Cameroon Church Continues to Pray for Peace in the Midst of Conflict

Kidnappers released this week the last of more than 80 hostages taken from a Presbyterian school in Cameroon amid an escalating crisis in the Central African country’s English-speaking regions.

Just over a week after being captured at gunpoint, the principal, dorm warden, and two remaining students were freed Monday, while the rest of the victims, students ages 11–17, were let go last week, Reuters reported.

The Presbyterian-run boarding school in the region’s capital, Bamenda, has been forced to shut down since the captors threatened further attacks.

The incident represents the latest of at least four school abductions over the past two months, and about a dozen over the past year, as unrest over disparities between Cameroon’s English-speaking North-West and South-West regions and the nation’s French-speaking majority turns increasingly violent. Another 11 boys had been taken from the same school the week before.

And the kidnappings, as heart-wrenching as they are, represent just a small portion of the violence that has left the Anglophone region on the brink of civil war.

An estimated 400 civilians have died in the dispute, including an American missionary caught in the crossfire last month, just weeks after moving to Cameroon. More than a quarter-million people have fled their homes and villages, and many who remain are desperate for security and resources.

Cameroon’s churches, whose cry for peace has intensified over the past few months, have suffered in the separatist conflict, with four church buildings taken over by military forces and at least 50 Christian-run primary schools, secondary schools, and hospitals affected, according to Gustav Ebai, information and communication secretary for the Council of Protestant Churches of Cameroon.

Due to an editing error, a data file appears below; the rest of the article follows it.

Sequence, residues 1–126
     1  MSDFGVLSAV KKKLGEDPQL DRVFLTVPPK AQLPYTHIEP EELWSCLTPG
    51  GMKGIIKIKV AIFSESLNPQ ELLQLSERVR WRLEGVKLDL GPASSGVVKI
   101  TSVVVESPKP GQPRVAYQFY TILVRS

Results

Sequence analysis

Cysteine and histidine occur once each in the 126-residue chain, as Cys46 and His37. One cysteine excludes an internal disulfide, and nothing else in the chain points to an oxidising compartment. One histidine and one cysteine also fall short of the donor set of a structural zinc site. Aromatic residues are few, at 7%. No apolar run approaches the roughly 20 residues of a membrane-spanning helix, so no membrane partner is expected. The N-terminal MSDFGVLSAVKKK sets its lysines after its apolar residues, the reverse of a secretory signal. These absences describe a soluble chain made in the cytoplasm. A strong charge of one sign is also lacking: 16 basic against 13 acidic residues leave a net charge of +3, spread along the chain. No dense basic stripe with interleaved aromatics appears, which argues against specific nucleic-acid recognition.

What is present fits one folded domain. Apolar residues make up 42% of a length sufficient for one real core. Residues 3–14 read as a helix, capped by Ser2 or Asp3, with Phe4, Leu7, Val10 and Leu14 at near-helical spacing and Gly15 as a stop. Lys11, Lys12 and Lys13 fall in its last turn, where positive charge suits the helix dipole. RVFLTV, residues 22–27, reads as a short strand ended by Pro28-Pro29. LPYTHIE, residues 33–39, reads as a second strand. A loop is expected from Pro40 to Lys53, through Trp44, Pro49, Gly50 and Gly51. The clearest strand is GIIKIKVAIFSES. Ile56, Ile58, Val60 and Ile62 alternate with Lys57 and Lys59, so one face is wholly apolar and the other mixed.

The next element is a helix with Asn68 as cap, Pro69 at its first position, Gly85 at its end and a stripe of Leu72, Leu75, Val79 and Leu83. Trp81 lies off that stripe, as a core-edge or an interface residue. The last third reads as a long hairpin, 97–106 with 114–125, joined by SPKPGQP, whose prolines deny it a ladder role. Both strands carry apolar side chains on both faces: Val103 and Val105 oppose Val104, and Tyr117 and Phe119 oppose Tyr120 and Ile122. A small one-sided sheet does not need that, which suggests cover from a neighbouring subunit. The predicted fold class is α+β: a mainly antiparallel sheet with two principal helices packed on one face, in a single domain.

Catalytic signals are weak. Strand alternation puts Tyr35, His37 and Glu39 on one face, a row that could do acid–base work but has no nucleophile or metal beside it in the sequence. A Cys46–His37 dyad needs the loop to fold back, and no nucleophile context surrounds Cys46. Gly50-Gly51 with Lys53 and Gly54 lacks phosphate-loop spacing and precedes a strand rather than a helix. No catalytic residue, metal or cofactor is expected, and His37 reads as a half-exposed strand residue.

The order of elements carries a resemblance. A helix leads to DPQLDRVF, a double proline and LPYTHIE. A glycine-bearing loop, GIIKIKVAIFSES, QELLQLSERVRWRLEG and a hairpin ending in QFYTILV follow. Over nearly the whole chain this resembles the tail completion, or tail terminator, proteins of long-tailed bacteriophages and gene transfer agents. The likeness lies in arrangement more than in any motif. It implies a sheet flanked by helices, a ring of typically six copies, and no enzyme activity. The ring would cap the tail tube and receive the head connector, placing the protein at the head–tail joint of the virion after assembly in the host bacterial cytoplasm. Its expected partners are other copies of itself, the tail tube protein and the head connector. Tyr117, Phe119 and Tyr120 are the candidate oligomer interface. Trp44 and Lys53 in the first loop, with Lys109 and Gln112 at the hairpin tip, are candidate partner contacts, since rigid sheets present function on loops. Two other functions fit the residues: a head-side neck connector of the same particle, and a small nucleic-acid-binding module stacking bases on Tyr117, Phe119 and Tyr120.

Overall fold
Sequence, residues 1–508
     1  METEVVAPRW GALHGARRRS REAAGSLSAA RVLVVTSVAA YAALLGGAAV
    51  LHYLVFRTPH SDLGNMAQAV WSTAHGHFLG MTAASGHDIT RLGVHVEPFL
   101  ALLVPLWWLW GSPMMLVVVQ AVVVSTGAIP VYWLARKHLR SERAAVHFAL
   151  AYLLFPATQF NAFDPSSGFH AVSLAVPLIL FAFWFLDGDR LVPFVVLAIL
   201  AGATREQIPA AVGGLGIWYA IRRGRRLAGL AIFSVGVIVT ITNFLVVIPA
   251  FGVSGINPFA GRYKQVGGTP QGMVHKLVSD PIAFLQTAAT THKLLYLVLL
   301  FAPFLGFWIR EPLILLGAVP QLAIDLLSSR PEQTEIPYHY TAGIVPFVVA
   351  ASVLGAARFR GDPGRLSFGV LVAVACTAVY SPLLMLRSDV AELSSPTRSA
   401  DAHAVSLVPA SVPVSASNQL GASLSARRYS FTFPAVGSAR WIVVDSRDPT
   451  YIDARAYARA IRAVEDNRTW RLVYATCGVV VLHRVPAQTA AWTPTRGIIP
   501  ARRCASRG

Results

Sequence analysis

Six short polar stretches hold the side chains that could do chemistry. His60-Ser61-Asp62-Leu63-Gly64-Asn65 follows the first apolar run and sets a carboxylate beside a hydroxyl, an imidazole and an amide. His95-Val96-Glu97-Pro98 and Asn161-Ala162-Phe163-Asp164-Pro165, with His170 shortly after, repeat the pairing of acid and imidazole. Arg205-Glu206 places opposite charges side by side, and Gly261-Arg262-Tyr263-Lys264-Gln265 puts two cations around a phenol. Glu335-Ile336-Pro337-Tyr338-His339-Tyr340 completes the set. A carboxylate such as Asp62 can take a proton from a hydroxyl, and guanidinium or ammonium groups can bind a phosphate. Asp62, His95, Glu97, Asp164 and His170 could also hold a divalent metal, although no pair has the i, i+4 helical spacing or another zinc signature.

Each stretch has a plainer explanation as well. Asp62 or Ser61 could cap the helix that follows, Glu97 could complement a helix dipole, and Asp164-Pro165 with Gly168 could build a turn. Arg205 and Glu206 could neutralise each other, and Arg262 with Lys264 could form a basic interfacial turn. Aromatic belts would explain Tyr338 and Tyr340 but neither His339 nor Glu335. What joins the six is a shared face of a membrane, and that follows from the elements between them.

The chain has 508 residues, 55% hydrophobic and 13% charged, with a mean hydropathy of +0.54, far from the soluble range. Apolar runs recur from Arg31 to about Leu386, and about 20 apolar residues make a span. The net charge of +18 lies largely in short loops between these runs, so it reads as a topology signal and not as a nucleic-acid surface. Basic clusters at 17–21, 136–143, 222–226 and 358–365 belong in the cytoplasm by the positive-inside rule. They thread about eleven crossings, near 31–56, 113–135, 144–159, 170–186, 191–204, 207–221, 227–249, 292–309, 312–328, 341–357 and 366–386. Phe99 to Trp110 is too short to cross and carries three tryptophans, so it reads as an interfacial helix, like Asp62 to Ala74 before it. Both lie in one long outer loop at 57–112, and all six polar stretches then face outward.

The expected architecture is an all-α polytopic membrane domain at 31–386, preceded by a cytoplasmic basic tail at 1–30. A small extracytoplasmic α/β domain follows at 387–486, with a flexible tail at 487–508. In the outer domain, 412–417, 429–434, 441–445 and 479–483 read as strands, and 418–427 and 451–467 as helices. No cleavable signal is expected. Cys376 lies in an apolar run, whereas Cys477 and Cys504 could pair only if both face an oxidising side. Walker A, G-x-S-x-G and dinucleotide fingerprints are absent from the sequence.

“We have failed God,” he said in an interview with CT. “There is no evil like the evil I have seen in my country.”

The instability in North-West and South-West dampened celebrations for the coastal nation’s 61st annual Presbyterian Church Day, held last Sunday.

“Given what the Anglophone community is passing through at this moment, we cannot really celebrate; feasting and enjoying ourselves while many of God’s children are being killed, living in pains, frustrated and others living as internal and external refugees,” statedFonki Samuel Forba, moderator of the Presbyterian Church in Cameroon (PCC).

He advised congregations in the PCC—the largest local English-speaking denomination, with over a million members—to keep observances low-key and to use the occasion to raise awareness about those impacted by the recent violence.

More than 100 PCC pastors are believed to have fled the two regions as conditions worsen; in Bamenda, some residents fear that even traveling or attending typical gatherings could put them at risk of attacks. Ebai told CT that in many villages, the pastors were the last to leave.

PCC leaders have helped coordinate counseling for displaced families who have moved in with friends or fellow church members in safer regions. Millions are in need of humanitarian aid as a result of the conflict. Those who are left in the Anglophone region tend to be the poorest and neediest—the ones without means to flee elsewhere.

“… [M]uch emphasis should be laid on raising Mission Work Fund to enable the Church continue to attend to our displaced pastors and brethren affected by the armed conflict that has brought sorrow and suffering upon many,” Forba stated. “As we keep on praying and trusting that soon the Lord would turn our mourning to rejoicing and the flourishing of life in absolute peace and justice, remain inspired.”

The escalating violence in the Anglophone regions coincided with a tense election held last month, which re-elected 85-year-old President Paul Biya for his seventh term in office; he has ruled since 1982.

Though Cameroon’s two languages and corresponding cultural differences date back to British and French colonial rule, the conflict has emerged more recently as English speakers in North-West and South-West began to protest against discrimination from the French majority in the national government about two years ago.

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Source: Christianity Today